Do Doctors Ever Get Squeamish?

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    Do med students and doctors ever get squeamish? I want to be a doctor but I’m a little wary of all the messy stuff. I dont get sick I just get kinda nervous and bothered. Do you just get over it?? Or is it that most people who become doctors never had a problem with it?


    I get squeamish all the time! I’m ok if I’m the one doing the procedure, but watching others I find very hard. The only thing I haven’t been able to do is remove fingernails–I saw 2 and almost passed out each time! I remember others in my class feeling like this, too–a few even passed out in the OR! The good news is that there are many specialties where you don’t have to deal with the “gross” stuff–like radiology or psychiatry–so if you start and find you can’t hack it, all is not lost!


    I used to get that way in med school and early on in residency. I wasn’t getting grossed out but was just woozy when patients would moan and groan in pain. For instance, if a patient was getting stitches and started yelling out, screaming in pain, I’d feel like I was going to vagal out (pass out). I just couldn’t stand to see someone in pain. With time I realized that even though some of the things we have to do to patients are painful, we really are helping them. It just took time. Don’t let that keep you from being a doc. It happens to most of us!! That just means you’re a sensitive being–that’s a GOOD thing!!


    i got squeemish with my first toe removal. I didn’t pass out but I got vasovagal.

    Now I only get squeemish when I de-skin the chicken before preparing for dinner. I can’t prepare chicken anymore, my husband has to do it.


    oh, and the first day or two of anatomy lab. definately got squeamish but not close to passing out. it’s just not normal to see cadaver’s so the first day or so is an assault to one’s senses.


    I definately got squeamish on the first few days of anatomy lab. working with cadavers is pretty surreal. I now wonder if I’ll ever get squeamish ever again…it got pretty gross in there towards the end but you’ll stop noticing it. I also got vasovagal the first time I visted an OR (as an undergrad) and thought that I’d never be able to go to medical school because of it (I thought that something was wrong with me!). of course I found out that nothing was wrong and I actually ended up writing my med school essay about that.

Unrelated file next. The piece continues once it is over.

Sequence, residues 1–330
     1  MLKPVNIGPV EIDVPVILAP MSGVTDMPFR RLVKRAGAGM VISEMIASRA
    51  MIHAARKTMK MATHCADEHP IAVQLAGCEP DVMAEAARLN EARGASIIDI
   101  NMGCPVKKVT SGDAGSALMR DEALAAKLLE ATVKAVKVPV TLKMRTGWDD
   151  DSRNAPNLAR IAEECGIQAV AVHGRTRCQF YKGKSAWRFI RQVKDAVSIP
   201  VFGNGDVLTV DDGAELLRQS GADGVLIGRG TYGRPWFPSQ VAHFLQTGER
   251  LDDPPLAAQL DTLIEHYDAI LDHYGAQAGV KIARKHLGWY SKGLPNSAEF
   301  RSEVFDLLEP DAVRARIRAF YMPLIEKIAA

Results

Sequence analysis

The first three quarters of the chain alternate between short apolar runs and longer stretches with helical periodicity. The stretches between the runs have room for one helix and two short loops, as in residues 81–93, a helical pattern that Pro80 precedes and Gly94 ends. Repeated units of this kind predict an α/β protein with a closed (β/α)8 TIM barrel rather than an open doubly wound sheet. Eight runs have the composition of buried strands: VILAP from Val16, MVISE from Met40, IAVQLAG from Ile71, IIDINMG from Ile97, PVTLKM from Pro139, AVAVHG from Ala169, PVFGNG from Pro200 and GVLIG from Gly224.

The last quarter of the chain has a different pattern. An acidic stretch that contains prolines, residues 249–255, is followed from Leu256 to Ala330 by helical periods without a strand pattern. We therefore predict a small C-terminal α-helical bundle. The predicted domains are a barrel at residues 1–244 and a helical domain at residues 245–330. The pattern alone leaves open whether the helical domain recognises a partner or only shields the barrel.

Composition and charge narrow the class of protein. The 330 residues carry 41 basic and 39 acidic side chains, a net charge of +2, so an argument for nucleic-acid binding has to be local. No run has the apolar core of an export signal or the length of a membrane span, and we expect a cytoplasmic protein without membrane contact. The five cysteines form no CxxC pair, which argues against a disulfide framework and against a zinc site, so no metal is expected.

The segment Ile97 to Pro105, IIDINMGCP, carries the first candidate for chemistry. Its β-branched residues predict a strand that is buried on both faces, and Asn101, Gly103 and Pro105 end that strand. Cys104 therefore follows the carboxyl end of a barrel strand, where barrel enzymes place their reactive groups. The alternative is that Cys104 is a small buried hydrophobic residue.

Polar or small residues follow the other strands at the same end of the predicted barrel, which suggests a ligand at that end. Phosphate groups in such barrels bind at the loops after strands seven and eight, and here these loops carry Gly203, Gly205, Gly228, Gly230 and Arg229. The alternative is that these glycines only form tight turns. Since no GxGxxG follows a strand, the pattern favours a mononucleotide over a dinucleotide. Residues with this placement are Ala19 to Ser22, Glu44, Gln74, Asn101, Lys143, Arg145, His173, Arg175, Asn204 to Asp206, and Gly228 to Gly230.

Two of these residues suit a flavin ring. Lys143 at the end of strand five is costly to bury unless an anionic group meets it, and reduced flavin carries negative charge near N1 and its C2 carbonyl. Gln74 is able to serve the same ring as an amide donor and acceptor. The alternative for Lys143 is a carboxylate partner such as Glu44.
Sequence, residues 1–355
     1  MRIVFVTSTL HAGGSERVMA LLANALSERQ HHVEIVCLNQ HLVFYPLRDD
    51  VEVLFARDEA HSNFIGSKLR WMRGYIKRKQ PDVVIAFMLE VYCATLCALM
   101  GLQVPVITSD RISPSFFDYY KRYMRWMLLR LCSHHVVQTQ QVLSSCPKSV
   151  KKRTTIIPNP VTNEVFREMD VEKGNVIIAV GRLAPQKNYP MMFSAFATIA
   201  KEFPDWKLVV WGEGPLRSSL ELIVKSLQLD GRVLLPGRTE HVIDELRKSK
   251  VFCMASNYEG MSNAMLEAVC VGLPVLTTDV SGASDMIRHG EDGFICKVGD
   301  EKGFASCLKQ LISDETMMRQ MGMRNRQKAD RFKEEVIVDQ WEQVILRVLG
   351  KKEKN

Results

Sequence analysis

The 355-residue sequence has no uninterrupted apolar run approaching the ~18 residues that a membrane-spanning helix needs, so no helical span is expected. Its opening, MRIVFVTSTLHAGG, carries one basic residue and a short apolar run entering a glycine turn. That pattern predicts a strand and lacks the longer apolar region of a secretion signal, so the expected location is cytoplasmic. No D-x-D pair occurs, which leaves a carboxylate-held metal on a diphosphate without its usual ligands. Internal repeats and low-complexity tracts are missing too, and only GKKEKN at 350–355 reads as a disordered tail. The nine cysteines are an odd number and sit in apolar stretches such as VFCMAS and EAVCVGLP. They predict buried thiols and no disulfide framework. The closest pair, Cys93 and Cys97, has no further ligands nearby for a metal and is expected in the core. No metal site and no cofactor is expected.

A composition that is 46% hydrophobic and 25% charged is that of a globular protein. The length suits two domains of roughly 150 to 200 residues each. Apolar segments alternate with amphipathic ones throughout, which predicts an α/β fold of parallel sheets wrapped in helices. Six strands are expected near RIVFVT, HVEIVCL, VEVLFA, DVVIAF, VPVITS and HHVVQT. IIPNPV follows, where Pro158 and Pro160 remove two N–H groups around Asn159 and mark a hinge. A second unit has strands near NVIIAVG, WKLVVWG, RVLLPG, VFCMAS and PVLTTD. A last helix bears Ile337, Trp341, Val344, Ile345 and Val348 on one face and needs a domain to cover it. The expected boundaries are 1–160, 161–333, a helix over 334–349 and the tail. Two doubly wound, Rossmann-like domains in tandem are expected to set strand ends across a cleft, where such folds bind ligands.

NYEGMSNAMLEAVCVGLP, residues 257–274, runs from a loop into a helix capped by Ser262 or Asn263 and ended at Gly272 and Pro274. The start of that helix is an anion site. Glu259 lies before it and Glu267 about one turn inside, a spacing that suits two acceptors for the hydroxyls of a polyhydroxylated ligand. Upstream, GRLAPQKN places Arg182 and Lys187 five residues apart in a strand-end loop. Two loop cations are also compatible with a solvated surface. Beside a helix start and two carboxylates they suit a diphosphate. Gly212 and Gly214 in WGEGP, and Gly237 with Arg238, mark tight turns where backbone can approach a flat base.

don’t lock your knees while holding a retractor for endless hours in a warm and stuffy OR…

    I can get squeamish with smells but am OK when I am involved and busy. Watching my first autopsy was a challenge….


    I was the one who passed out in anatomy lab. I didn’t even believe in fainting until I did it. It really wasn’t a squeamish thing, though; I think it was so hot in there and horrible fumes and poor air circulation primarily.

    My friend started out in internal medicine and switched to psychiatry after her first year, in part because she couldn’t get over the impulse to run away at the sight of blood.

    The only thing that really icks me out in a truly visceral way is toenail removals. Can’t stand it, don’t want to be there for it; it’s worse to me than people vomiting or coughing up great green goobers or doing procedures or anything else. Fortunately I can usually avoid this.

    The second nastiest thing is having to examine REALLY obese people with fungal infections in skin folds. You always have to really PUSH on the pannus to get it out of the way and then your face is right in this cheesy stinky mess. Smells get me more than visuals. Hope no one is too disgusted by my description.


    As someone who’s seriously considering a career change into medicine, my question is, should I take the fact that I’m kind of squeamish when it comes to certain things as a “sign” that I shouldn’t be a doctor?

    I feel I have the motivation, desire, time, etc. to become a doctor, but I still have to look away when a Discovery Channel-type show features a surgery up close. Or even the bloodier parts of “Extreme Makeover” or “ER”. I don’t think it’s blood itself that bothers me, but the situation of surgery or extreme injury.